Recognizing Speech and Language Disorders
Speech is the communication of spoken words. Speech consists of the following:
- Articulation—how speech sounds are produced
- Voice—coordination of vocal folds and breathing to produce sounds
- Fluency—the rhythm of speech
Language is shared system of rules accepted by a community to communicate ideas or feelings. Language consists of the following:
- Semantics—the meaning of words
- Morphology—units of meaning to make new word (e.g. love, lovely, loveliest)
- Syntax—rules of grammar on how to put words together
- Pragmatics—rules of social interactions
- Apraxia—motor planning disorder not caused by muscle weakness or paralysis. The brain has problems planning to move the body parts needed for speech.
- Dysarthria—difficulty articulating words due to disease of the central nervous system.
- Orofacial myfunctional disorder—exaggerated forward tongue movement during speech and/or swallowing.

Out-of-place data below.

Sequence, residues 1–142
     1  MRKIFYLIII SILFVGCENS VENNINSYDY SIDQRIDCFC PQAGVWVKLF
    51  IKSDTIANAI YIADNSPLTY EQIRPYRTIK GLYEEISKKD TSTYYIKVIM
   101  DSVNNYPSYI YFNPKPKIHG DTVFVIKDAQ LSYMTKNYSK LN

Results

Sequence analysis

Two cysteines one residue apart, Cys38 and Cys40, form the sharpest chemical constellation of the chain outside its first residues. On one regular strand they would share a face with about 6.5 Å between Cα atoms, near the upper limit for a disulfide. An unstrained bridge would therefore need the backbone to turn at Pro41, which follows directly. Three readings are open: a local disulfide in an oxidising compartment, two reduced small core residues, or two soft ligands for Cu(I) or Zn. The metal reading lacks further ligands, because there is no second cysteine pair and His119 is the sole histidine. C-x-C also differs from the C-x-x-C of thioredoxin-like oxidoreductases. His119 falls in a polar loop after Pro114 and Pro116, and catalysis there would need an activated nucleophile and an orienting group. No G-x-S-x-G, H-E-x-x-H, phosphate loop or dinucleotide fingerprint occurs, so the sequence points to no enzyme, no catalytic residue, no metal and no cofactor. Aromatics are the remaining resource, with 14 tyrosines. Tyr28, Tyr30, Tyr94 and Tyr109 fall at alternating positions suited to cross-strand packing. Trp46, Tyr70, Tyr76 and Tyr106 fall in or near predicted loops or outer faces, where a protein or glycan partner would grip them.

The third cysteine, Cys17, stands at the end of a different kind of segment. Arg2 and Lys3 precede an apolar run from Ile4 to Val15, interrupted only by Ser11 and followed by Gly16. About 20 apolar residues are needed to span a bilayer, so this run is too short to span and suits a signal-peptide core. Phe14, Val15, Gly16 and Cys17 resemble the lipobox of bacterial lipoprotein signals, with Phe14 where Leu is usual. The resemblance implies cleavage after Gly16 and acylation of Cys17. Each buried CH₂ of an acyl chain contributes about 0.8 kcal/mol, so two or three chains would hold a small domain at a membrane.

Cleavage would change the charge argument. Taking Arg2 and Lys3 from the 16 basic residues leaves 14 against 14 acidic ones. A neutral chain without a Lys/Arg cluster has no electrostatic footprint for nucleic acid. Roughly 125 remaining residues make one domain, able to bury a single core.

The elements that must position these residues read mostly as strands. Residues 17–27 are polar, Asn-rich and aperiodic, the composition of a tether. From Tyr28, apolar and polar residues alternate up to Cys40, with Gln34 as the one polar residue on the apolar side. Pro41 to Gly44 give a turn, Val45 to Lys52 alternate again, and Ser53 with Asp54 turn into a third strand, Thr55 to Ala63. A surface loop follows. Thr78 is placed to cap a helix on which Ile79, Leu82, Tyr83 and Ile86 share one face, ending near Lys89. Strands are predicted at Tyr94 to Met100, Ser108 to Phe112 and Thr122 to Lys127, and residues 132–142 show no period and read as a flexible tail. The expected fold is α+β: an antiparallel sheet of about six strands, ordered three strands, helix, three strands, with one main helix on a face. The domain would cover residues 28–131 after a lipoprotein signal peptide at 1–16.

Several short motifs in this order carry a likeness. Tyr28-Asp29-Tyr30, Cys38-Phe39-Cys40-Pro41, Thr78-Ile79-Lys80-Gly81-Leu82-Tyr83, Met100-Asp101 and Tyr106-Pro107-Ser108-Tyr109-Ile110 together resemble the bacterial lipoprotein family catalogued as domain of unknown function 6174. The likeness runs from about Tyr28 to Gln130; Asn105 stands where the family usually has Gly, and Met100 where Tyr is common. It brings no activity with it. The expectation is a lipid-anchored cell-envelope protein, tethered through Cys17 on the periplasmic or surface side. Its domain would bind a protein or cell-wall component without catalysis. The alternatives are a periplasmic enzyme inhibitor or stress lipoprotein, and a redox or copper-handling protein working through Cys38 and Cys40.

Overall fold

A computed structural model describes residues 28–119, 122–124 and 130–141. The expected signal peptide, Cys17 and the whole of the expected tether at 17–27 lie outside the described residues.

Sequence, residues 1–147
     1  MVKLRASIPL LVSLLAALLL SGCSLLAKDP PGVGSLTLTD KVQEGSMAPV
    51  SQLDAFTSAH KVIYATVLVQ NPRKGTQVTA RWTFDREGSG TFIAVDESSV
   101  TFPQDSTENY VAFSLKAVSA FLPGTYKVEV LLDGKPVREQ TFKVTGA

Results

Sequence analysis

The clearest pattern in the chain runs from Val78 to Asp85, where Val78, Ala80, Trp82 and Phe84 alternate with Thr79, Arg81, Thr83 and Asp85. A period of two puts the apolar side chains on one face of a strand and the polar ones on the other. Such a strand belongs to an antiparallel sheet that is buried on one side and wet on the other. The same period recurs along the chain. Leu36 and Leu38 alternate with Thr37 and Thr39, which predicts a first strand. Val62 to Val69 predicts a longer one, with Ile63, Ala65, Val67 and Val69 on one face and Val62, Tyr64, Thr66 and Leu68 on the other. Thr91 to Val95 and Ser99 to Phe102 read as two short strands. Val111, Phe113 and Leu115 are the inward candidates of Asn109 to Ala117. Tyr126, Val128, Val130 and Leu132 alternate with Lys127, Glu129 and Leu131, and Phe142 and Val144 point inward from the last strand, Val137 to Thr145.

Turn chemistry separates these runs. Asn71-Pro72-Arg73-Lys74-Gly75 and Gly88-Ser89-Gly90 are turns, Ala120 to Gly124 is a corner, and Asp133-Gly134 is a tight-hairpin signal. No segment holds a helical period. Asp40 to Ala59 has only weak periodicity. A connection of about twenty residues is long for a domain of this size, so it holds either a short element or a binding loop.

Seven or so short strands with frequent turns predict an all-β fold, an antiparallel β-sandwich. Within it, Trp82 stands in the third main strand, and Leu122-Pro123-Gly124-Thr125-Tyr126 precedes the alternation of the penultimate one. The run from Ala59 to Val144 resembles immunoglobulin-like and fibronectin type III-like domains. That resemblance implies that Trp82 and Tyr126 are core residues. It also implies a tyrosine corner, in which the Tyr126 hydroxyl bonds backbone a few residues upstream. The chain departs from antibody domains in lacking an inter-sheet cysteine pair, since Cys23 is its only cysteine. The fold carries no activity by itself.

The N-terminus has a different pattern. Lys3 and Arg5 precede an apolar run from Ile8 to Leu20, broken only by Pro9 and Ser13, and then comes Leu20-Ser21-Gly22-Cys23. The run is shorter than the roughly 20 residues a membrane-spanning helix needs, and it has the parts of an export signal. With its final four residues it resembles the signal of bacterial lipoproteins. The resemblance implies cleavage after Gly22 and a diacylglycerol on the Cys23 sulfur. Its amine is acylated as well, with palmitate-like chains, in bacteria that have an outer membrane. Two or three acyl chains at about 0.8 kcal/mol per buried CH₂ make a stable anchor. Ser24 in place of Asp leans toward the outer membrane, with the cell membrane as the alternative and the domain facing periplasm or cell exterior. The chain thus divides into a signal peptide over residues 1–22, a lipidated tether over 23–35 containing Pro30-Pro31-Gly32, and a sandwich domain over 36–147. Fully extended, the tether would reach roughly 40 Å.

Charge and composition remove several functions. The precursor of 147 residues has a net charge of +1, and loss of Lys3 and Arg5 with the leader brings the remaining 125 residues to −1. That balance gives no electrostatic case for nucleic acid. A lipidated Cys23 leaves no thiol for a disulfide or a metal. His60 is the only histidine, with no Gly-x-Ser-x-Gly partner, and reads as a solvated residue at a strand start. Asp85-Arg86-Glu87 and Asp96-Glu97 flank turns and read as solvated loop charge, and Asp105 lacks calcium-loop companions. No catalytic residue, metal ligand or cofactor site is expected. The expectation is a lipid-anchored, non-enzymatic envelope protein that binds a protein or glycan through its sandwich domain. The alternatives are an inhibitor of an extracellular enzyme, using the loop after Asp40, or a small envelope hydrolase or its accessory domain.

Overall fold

- Articulation disorder—difficulty producing sounds.
- Phonological disorder—involves patterns of sound errors.
- Stuttering—the constant disruptions in the productions of speech sounds that affect day to day activities.
- Voice disorders—there are different types of voice disorders.
- Vocal cord nodules and polyps
- Vocal cord paralysis
- Paradoxical vocal fold movement (an episode occurs, during breathing vocal fold closes when they should stay open)
- Receptive language disorder—difficulty understanding spoken and written language.
- Expressive language disorder—characterized by difficulty expressing thoughts, needs, or wants at the same level as his/her peers.
- Language based learning disability—problems with reading, spelling and/or writing. Often children with reading difficulties have spoken language problems. Spoken language provides the foundation for the development of reading and writing.
If you suspect this is the primary challenge for your child please contact a qualified speech and language pathologist.